We also learned that animals such as the Sumatran tiger and elephant are critically endangered, and that the Sumatran rhino is all but extinct. I felt something die in my soul after seeing these creatures up close and in the wild.
Next we went to a restoration site where our spirits were lifted. OIC spends much of their time and resources suing palm plantations that illegally chop down conserved forests, as well as reforesting these reclaimed sites. By planting many kinds of native, fast-growing species, a forest can be regenerated in a matter of years, and while new forest is never the same as old-growth forest, it is nevertheless inspiring.
The most daring part of the documentation process was when we went to an amusement park to rescue this illegally-kept 5 year old baby orangutan. We learned that these kinds of situations are especially sad because in order to acquire a baby orangutan, one must kill its mother. We called this little one Cece. We could really see how much Panut and the Human-Orangutan Conflict Rescue Unit (HOCRU) these people care about these animals. We took her to a rehabilitation centre where she will be taken care of and hopefully released back into the wild in time. We had to pay the government officials to come with us to complete the seizure as it was a Sunday, and we also had to take them to lunch and have them pose for an awkward photo (see gallery below; government officials are relatively idle on this pressing issue and this rescue would not have happened without the persistence of Panut and the OIC staff).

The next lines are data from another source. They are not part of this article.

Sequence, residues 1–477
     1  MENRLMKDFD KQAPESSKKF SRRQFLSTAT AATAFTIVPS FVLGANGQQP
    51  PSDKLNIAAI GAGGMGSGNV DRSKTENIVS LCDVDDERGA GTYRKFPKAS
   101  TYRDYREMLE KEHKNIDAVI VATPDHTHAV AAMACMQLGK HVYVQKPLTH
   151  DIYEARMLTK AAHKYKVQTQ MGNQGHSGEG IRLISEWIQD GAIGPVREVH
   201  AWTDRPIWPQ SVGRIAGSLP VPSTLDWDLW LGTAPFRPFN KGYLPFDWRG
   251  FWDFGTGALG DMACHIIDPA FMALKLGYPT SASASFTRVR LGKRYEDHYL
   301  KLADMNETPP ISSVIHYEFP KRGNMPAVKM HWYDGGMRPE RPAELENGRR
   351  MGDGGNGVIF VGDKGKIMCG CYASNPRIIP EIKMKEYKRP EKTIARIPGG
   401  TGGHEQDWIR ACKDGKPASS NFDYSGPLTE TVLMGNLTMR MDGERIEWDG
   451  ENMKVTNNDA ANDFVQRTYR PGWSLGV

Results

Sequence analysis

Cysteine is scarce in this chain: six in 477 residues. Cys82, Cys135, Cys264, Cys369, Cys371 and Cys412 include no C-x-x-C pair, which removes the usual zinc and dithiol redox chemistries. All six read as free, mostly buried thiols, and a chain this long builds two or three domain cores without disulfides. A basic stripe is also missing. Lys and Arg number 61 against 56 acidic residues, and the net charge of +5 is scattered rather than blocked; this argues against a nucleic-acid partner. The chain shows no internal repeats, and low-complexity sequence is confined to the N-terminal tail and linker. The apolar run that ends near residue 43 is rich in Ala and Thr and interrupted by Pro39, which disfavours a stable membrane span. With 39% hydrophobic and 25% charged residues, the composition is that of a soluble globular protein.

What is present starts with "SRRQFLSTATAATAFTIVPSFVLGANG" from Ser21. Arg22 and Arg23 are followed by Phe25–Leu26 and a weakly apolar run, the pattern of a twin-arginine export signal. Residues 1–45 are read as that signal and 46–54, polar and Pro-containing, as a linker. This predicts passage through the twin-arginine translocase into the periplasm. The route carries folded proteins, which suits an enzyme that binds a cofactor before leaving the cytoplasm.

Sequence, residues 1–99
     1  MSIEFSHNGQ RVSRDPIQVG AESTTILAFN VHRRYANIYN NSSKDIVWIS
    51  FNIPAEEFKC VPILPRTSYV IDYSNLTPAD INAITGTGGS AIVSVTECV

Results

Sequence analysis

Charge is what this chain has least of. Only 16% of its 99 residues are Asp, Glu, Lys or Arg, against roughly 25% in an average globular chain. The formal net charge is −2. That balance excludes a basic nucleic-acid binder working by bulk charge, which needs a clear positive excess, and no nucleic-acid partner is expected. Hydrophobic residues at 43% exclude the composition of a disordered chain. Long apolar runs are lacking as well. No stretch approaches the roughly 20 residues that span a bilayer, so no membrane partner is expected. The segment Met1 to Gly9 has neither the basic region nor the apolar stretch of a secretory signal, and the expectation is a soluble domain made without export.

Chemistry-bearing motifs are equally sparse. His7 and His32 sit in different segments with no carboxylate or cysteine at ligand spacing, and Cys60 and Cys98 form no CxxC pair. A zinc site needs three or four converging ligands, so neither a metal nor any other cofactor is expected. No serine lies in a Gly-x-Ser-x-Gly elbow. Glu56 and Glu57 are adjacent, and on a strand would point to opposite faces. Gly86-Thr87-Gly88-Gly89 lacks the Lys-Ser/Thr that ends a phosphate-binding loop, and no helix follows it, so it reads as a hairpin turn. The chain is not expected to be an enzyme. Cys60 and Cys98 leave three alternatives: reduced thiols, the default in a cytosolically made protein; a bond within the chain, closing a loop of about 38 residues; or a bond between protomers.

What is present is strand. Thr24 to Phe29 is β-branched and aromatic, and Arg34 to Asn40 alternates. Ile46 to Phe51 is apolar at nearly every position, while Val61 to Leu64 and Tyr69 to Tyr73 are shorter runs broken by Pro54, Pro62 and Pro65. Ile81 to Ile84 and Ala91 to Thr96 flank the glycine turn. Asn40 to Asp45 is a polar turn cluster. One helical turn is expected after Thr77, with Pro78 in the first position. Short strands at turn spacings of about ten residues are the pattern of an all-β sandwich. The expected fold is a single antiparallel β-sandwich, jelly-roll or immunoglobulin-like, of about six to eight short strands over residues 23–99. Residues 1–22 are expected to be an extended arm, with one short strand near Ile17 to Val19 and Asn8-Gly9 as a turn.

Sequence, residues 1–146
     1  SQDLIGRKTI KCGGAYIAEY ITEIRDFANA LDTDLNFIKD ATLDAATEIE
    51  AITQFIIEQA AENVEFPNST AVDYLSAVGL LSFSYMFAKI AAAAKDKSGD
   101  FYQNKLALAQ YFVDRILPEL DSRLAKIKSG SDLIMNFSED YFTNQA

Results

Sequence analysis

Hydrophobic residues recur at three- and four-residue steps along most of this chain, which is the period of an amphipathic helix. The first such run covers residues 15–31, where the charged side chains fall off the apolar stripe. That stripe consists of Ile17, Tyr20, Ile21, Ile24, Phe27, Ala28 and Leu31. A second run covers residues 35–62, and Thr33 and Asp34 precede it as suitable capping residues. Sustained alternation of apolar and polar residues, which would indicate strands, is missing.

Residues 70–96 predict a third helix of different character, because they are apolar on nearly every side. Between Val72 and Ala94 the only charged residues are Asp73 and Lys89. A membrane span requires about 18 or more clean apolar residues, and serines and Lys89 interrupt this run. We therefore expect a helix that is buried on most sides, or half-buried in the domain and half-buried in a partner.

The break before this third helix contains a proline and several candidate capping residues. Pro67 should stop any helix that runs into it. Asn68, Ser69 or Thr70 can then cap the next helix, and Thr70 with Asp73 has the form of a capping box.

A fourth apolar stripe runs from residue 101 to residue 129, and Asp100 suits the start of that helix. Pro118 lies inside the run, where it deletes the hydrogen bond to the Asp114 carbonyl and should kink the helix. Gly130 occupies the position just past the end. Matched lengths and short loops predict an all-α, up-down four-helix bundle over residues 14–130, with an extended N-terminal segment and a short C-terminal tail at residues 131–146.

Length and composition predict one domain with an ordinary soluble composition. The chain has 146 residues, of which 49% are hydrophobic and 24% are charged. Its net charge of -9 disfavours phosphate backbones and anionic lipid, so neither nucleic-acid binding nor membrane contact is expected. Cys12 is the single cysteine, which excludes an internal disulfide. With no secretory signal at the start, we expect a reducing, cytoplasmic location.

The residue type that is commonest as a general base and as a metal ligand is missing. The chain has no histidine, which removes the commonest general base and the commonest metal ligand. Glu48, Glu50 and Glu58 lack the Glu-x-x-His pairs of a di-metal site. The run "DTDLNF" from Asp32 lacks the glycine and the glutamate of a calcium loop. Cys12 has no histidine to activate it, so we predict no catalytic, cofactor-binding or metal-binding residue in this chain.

Again, we were reminded that not everybody can be saved when we went to the Medan Zoo to visit a pair of orangutans that Panut and his team have been trying to rescue for some time now. It was raining hard, which was a good thing since my eyes wouldn't stop crying. The poor creature sat dejected in a little green house, with no trees to climb on, and plastic bottle in hand.
Sumatra is a small island with a beautiful culture and beautiful people. It's not just animals that are suffering from human greed, but other humans as well. Palm plants take up so much water from natural aquifers that some villages have to get bottled water delivered. If this is happening now, what will the future hold? It doesn't look good.
I am now determined to give back to the forest that gave so much to me. What started as a plan to buy my own land in Sumatra has now turned into a venture among special friends who feel the same way I do. We're calling it the "Sumatran Wildlife Sanctuary," and simply put, it will be a privately conserved rainforest area where wild animals can find sanctuary, migrating in and out of other areas safely, at least while on our property.
Sumatra saved my life, so now I'd like to give something back.